A capella musical theater

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As a still – if not eternally – aspiring musical theater orchestrator, it may seem self defeating to be lauding a show that uses no instruments at all. But this a capella musical is so extraordinary, especially in its use of voices in a panoply of sonic textures, that it’s truly inspiring on any music level.

Along with Michael R. Jackson’s A Strange Loop, this show by polymath composer Dave Malloy was the talk of New York’s theater scene in the summer of 2019, and in my opinion should have split the Pulitzer Prize. The piece (the Times dubbed it a “chamber opera” but it could also be called a multi-voiced song cycle) is an almost dizzying exploration of the effects of our obsession with and addiction to the digital world. And even with no instrumental backing, the score holds nothing back: this is as demanding a piece as you’ll find in any genre.

Each singer/character is given an aspect of internet addiction to explore. Much like Loop, this is also a raw, no holds barred work that is giddy with achievement.

This recording, funded by public contributions, was culled from several live performances which adds immeasurably to the viscerality of the experience: audience reactions are great signposts throughout the show.

Audacious and acclaimed new musical

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It seems bizarrely fortuitous that Michael R. Jackson’s musical A Strange Loop, which last week won both the 2020 Pulitzer Prize for drama (musical or otherwise) and the 2019 Hull-Warriner Award, was actually on my list to recommend this week. I was lucky enough to get in to one of the few remaining performances last summer after the show won across-the-board critical raves, and it literally blew me away. This is a daring, take-no-prisoners work, almost stream of consciousness housed within in an enfilated concept: Usher is a black, queer writer, working a day job he hates while writing his original musical: a piece about a black, queer writer, working a day job he hates while writing his original musical… etc etc. Jackson’s challenges to the boundaries he views from the world at large, the gay community, and the black community are searingly conveyed in a stream of funny and furious numbers.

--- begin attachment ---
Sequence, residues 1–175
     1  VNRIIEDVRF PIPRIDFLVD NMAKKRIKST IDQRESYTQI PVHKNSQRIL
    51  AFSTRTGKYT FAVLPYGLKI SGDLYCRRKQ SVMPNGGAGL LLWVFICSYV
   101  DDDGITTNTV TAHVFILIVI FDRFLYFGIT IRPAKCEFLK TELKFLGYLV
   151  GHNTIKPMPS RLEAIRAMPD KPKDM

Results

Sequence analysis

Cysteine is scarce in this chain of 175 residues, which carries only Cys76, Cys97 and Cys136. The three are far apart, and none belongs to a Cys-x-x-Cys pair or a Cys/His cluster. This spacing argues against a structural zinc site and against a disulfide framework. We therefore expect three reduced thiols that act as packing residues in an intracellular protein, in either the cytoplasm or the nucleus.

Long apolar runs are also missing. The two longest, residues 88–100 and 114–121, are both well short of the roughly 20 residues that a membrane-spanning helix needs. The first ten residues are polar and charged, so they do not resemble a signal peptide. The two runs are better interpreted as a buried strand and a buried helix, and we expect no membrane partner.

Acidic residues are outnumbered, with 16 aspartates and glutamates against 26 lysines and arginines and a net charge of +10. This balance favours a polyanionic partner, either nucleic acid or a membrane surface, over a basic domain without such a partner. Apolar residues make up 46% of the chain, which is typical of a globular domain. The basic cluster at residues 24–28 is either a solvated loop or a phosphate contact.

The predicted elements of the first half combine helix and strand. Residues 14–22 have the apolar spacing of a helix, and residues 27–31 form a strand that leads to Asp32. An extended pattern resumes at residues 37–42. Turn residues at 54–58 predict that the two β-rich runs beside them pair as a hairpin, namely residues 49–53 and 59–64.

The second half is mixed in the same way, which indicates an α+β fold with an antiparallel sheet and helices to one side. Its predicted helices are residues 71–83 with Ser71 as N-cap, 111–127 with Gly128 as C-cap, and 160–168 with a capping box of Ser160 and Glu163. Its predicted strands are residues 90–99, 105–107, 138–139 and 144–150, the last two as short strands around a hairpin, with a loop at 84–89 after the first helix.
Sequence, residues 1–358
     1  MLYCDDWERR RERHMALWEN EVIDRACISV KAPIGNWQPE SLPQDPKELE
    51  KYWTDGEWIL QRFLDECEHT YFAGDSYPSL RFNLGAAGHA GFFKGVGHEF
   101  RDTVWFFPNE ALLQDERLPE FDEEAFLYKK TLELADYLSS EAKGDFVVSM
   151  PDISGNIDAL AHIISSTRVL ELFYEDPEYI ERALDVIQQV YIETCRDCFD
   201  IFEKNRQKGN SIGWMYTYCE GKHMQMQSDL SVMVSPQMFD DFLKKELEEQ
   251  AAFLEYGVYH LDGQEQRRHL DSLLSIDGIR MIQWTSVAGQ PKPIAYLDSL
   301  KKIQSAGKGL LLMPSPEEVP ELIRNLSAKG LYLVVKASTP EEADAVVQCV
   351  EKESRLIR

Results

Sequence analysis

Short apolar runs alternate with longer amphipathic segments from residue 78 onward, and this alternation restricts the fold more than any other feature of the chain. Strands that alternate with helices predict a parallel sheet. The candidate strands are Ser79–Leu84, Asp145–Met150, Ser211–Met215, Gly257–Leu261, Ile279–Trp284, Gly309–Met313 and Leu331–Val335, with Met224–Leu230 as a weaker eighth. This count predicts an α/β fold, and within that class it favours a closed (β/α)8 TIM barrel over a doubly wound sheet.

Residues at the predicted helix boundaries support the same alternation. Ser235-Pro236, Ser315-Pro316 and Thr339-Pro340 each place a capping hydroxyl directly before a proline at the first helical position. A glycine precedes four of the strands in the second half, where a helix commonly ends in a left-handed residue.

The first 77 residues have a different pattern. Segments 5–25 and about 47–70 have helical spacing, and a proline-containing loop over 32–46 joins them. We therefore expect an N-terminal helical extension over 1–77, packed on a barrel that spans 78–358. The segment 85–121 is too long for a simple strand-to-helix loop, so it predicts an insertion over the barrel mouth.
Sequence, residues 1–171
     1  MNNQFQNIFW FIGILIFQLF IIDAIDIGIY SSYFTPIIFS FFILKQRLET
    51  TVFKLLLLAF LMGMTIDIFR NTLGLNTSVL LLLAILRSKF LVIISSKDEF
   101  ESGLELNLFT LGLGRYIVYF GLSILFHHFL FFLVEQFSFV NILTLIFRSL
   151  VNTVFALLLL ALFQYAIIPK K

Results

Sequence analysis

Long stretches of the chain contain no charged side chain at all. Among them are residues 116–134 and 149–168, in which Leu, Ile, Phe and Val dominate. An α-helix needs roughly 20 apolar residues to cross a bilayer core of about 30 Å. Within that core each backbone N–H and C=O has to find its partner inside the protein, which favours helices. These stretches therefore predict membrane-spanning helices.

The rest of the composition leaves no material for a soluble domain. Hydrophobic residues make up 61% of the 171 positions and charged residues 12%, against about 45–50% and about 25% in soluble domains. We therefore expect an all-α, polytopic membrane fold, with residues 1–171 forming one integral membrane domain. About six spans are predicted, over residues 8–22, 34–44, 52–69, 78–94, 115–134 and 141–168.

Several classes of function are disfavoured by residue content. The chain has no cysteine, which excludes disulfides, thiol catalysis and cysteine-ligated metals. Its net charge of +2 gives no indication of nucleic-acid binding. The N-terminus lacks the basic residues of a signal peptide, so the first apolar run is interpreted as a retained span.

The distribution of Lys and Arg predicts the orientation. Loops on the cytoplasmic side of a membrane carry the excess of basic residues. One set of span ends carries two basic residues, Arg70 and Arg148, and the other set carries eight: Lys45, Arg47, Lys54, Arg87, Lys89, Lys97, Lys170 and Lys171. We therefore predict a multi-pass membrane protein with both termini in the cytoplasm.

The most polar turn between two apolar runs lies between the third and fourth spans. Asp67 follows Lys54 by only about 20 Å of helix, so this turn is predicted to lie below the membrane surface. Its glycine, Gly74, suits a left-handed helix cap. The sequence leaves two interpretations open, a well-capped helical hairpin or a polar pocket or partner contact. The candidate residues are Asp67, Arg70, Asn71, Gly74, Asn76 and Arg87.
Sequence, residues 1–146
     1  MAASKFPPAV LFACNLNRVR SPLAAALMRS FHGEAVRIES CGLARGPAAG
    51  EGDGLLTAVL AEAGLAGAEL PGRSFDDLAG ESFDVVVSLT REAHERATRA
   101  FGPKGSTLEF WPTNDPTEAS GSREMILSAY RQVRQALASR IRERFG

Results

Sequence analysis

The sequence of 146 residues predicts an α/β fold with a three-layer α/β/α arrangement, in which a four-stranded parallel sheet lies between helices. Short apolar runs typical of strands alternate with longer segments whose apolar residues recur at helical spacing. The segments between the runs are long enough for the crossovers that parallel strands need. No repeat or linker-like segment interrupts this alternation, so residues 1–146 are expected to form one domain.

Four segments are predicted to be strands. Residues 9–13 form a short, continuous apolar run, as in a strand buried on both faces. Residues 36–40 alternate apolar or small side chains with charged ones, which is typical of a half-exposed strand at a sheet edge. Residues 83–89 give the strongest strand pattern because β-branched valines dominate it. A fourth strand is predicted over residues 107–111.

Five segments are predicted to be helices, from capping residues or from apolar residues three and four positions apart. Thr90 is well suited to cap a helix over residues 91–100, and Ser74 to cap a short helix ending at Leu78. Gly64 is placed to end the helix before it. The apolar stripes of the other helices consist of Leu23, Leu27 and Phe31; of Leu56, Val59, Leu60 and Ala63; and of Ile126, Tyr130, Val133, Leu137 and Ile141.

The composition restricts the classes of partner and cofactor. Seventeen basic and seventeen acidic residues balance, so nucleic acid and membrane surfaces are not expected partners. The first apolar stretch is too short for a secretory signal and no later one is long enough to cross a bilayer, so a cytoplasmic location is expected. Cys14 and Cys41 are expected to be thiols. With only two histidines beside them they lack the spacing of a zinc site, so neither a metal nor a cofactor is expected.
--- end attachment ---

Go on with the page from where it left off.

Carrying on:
This superb recording by the original cast captures the entire show.

Warning: this recording is Not Safe For Work nor for culturally sensitive types. Many expletives and trigger words are used.

Violet

Violet

The recent marvelous news of Jeanine Tesori’s commission by The Metropolitan Opera led me to reacquaint myself with this superb recording of the 2013 revival of her first full show, Violet from 1997. As I didn’t see the original production, and was blown away by the revival production – particularly Sutton Foster giving a gripping performance, and the incomparable voice of Joshua Henry Dixon… God this show is good: honest, un-sugar-coated, straight forward, unflinching, and for all of that all the more heart touching and arresting, with an inventive and evocative score that easily heralds the Tony-award recognition of Fun Home. Performances across the board bring the show to incredible audio life.

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One of the highlights for me of this past New York theater season, which was overwhelmed with great new work both musical and non, was the new show Bandstand, with a score by Richard Oberbacker and Robert Taylor. This trenchant, poignant yet unfailingly exuberant and toe-tapping show garnered great reviews and much enthusiastic word of mouth, and rightly so. Sadly, amidst the competition this season it never found a strong foothold, and is closing on September 17. So if you’re in New York or coming, I can’t recommend this show enough: catch it live while you can. It’s a big, complicated show and I imagine a tour is a long shot.

Aside from Andy Blankenbuehler’s choreography that rightly won this year’s Tony and stellar performances across the board, this score has some of the most amazing arrangements and orchestration in recent years by Greg Anthony Rassen and Bill Elliott, and given the genius work that’s been coming in lately that’s saying a lot.

Seriously, catch it live if you can. Failing that, or better yet in addition to, the original Broadway cast recording superbly captures this show.